Recently I've heard that its possible to mod socket 775 consumer grade motherboards to accept and work with socket 771 Xeon CPUS which cost about quarter of its 775 equivalent models such as the QX9650. I thought it was a great value upgrade to my old 775 system running an old Core2Duo E6750 with a stock clock of 2.53GHz overclocked to 3Ghz.
So I started too look around eBay and found a Xeon E5420 for £19.99 shipped. An equivalent used CPU, the Core2Quad Q9450 would cost me between £80 and £110. Additionally, I would need this 'sticker circuit' required for the mod which makes the pins on the motherboard work with the pins of the motheboard.
So I started by removing the heat sink off my CPU. The case is a Fractal Design Define XL R2, The heat sink is an Arctic Cooling Freezer 7 Pro and the motherboard is an Asus P5G41T-M/USB3.
Side panel off, tiny mini itx motherboard in full tower case!
Close up of the heatsink:
Fan off!, I should clean it more often haha:
Here we see the CPU itself, heatsink off and how its mounted to the motherboard bracket:
Motherboard bracket off!
Then I carefully took the chip out and cleaned it with paper towels then degreased with alcohol wipes:
2 Chips side by side:
From the surface they look the same, but have a look where the cut outs are For the Xeon on the right in relation to the guide arrows in the corners of the Core2Duo, they have been moved 90 degrees clockwise.
To get rid of this problem we have to get a very sharp knife and super mega ultra carefully remove 2 plastic tabs so that the Xeon can fit the socket. One wrong move and you can bend or break the socket pins and then its game over.
After that’s done we can apply the sticker mod to the Xeon, here's what the stickers look like, available on eBay for around £2 shipped:
To apply them to the CPU we have to get 1 of them peel the 2 sticky sides off and aply them to the cpu pins like this:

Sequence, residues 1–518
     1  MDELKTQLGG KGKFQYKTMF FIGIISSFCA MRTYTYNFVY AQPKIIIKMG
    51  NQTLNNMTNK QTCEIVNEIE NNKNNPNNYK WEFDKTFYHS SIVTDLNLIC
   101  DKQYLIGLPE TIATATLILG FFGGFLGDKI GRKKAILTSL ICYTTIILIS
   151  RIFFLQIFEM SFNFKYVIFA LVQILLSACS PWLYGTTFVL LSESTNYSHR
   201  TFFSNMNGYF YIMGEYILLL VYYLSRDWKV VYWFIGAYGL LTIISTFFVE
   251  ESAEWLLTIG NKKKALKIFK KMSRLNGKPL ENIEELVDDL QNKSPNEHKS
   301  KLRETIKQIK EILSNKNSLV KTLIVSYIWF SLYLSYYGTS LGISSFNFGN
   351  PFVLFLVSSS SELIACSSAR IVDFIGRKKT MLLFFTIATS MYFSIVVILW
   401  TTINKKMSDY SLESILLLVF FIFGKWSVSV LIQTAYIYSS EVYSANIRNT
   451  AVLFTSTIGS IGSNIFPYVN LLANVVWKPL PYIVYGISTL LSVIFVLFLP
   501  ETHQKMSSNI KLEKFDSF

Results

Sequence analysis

Use the arrow in the corner as a reference.
Here we see the unmodded Core2Duo and Xeon with the sticker applied:
After this I placed the CPU into the socket just like I would place a normal socket 775 CPU back into the socket. To make sure you cut out enough of the plastic tabs and the cpu fits, wiggle it a b it and it if doesn't move or isnt tilted its all good:
Once that’s done you can reapply the heat paste and put the heat sink back on.
After I switched on the PC it posted but I also received a message saying something like 'Your CPU could benefit from a bios update' -more on that later.
After booting into Windows I did launched CPU-Z to see how many cores there were (My old CPU had 2 and Xeon has 4) and i was a bit disappointed:
After a bit of googling I found out that some motherboards require the micro code for the CPU to be updated in BIOS, but before I did that i booted into Linux from an USB drive and saw 4 cores in the performance monitor so I knew that wasn't the problem, so I installed a fresh copy of Windows 7 and that did the trick:
Ofcourse a new CPU installation wouldn't be complete for me without some overclock. When I'm overclocking I always try to get as much as I can out of the chip without increasing the voltage and maintaining total system stability. So before I've done any overclocking I stress tested the new system for a couple of hours to see If it was stable and if i had a good base to work from:
After that I went into the Bios and started increasing the bus speed by 100mhz, and booting the system in a loop until it failed to post, which happened at around 390mhz, giving us 2.85Ghz, stock speed being 2.53Ghz.
After the overclocking i did more stress testing:
And i also kept an eye out for the temperatures which looked OK to me:
Then I compared the results against the Core2Duo e6750, Stock Xeon and Overclocked xeon:
You might have noticed the score for the graphics card also increased a bit because I had a little play at overclocking it. Between the stock and overclocked Xeon I got 3FPS more in Arma2 and the pass mark CPU score increased a fair bit also.